• Nevertheless, by the end of the 1950s, a remarkable transformation had taken place.  In 1958 the decision was made to consciously adopt Baptist polity and to change the name of the congregation from Grace Chapel to Grace Baptist Church.  Early the following year the church formally adopted the Second London Confession.
    • With the adoption of the 1689 Confession in Carlisle, the modern American Reformed Baptist movement had been launched, but it was not born without a struggle.
    • A biblically Reformed understanding of doctrine is approached through a series of difficult and humbling transitions.  We would do well to remember that those who made this journey before us did so at great cost
    • Particularly in the early stages of confessionalism it is common for men to express appreciation for a confession without knowing its full implications.  Confusion then follows as different minds interpret the confessional data differently. 
    • The best defense against the shifting sands of doctrinal change has always been a robust confessionalism. 
    • There is a deep-seated and virtually ineradicable sense in every person that suffering and evil are not “normal.”
    • The reason, then, that there is so much suffering and evil in the world is because there is so much transgression of God’s holiness in the world.
    • The second thing that we should remember, and help others to see, is that the appropriate response to suffering and to evil is repulsion.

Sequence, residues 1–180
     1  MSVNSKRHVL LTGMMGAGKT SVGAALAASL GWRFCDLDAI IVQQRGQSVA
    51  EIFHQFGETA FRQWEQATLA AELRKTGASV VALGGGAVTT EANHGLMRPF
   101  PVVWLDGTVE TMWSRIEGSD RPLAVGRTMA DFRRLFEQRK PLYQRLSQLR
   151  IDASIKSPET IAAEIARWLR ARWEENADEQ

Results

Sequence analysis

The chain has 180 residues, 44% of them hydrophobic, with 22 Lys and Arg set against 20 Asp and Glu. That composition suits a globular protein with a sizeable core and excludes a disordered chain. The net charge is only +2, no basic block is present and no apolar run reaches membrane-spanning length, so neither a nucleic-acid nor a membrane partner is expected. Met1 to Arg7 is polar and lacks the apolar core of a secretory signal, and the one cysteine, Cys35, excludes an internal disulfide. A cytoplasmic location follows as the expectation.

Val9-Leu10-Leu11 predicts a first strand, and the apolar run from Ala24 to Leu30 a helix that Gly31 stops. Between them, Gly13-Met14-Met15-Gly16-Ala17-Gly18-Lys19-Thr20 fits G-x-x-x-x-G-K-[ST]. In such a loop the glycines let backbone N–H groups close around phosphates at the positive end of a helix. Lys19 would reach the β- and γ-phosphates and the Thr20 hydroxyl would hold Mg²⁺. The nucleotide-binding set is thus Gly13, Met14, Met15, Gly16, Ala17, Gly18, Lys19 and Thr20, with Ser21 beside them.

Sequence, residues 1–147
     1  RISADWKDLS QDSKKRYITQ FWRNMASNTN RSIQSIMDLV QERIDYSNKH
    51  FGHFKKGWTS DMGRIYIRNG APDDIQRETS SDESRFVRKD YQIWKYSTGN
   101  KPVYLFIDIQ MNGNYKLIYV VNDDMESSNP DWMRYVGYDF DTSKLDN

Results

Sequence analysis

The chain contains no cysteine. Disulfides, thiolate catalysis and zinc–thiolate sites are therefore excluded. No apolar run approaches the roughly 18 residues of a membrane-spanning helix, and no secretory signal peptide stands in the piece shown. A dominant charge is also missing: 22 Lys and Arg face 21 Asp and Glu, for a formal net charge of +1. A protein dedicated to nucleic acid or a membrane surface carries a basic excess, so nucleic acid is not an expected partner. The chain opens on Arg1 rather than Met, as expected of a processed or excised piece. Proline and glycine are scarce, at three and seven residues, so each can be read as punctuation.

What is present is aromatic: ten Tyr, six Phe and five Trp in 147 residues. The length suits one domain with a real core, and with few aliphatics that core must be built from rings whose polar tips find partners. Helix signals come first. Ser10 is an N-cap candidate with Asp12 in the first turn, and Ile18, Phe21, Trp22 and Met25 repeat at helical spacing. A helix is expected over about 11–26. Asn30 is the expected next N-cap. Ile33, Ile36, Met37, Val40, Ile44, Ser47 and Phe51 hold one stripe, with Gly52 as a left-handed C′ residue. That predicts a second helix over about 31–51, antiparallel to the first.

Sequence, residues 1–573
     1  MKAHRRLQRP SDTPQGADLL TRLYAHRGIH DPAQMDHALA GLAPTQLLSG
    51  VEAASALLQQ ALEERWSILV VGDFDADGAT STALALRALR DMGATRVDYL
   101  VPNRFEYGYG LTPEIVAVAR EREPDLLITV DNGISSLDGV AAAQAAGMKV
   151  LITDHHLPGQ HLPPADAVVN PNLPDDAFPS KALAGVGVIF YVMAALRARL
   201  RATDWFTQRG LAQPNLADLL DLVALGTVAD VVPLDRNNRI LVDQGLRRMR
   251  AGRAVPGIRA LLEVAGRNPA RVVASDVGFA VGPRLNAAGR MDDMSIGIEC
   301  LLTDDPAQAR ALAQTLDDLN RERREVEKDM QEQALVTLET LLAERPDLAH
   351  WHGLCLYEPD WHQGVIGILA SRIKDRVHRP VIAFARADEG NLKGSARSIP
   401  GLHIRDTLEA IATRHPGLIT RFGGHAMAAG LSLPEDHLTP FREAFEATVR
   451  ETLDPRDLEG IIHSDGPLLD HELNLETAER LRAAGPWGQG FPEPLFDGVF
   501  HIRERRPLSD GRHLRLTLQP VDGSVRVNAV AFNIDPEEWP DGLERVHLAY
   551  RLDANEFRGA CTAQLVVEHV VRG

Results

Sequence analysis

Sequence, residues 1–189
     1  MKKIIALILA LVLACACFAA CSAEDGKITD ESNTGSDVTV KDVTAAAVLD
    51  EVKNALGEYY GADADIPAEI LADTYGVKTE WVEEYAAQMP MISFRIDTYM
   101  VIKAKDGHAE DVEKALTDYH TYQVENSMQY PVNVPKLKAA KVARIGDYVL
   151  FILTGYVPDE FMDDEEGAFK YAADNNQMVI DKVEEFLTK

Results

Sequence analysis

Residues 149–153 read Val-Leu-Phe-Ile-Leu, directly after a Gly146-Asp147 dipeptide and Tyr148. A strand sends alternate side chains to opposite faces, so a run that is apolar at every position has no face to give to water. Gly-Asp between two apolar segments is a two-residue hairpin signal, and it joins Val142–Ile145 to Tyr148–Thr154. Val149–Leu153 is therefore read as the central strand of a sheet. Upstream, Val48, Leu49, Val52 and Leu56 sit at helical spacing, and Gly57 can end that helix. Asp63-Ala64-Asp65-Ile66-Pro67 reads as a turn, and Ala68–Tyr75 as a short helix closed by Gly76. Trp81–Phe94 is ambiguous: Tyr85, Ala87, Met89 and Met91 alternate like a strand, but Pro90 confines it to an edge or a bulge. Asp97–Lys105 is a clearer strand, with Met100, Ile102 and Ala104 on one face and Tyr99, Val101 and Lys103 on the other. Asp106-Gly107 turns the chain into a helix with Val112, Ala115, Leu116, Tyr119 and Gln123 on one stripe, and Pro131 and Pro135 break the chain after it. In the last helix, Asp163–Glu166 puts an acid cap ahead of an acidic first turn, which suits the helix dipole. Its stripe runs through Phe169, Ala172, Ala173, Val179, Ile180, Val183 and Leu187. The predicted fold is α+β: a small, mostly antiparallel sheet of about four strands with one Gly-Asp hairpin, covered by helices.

• God has not stood idly by as His creation groans, as we groan, as the Spirit groans in intercession. But He suffered, He died.
    • Groaning is the proper response to suffering and evil. It is horrendous, it is abnormal, it is an affront to the holy glory of God. It is so despicable we can lose words to describe it. So, with creation, we groan. But it was only in the groaning of the Son that the groaning will one day cease. There can be no other adequate response to our groaning. There can be no higher, no more mysterious, no more transcendent response than this: that the Son of God groaned as the Father forsook Him, and spared Him not, that the Father would spare us the groaning of being eternally forsaken by Him. The problem of evil is the glorious groan of the gospel. Outside of that gospel, nothing remains but the prospect of groaning eternally.
    • Secondly, Desiring God suffers from the non-confessionalism of the entire “New Calvinist” movement.  Where there is no established doctrinal standard beyond a one-page recitation of orthodoxy, there can be no consistency from one generation to the next.  Today’s leaders may espouse a mild charismaticism joined with Reformed literature and ethos, but today’s leaders must retire from the scene, and when they do, who can say what is coming?  This is precisely why Reformed churches have always been confessional.  When pastors are bound by confessional oath to uphold such statements as “The Holy Scripture is the only sufficient, certain, and infallible rule of all saving knowledge, faith, and obedience…” (Second London Confession, i:1) each generation has a solid defense against the encroaching fads of its day.
    • Dagg recognizes that too many Christians ignore the sufficiency of Scripture in ecclesiology.
    • The idea of the universal church receives extended discussion through Dagg’s Baptist lenses (100-143). All believers “do not meet in one assembly on earth, [yet] they belong to the assembly above, and are on their way to join it” (118). Local church membership is appropriate because believers thereby reflect their spiritual membership in the universal church (121).
    • The fourth mark of the effective personal evangelist is consistency.

Posted from Diigo. The rest of my favorite links are here.

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Posted by on 22/10/2013 in Current Issues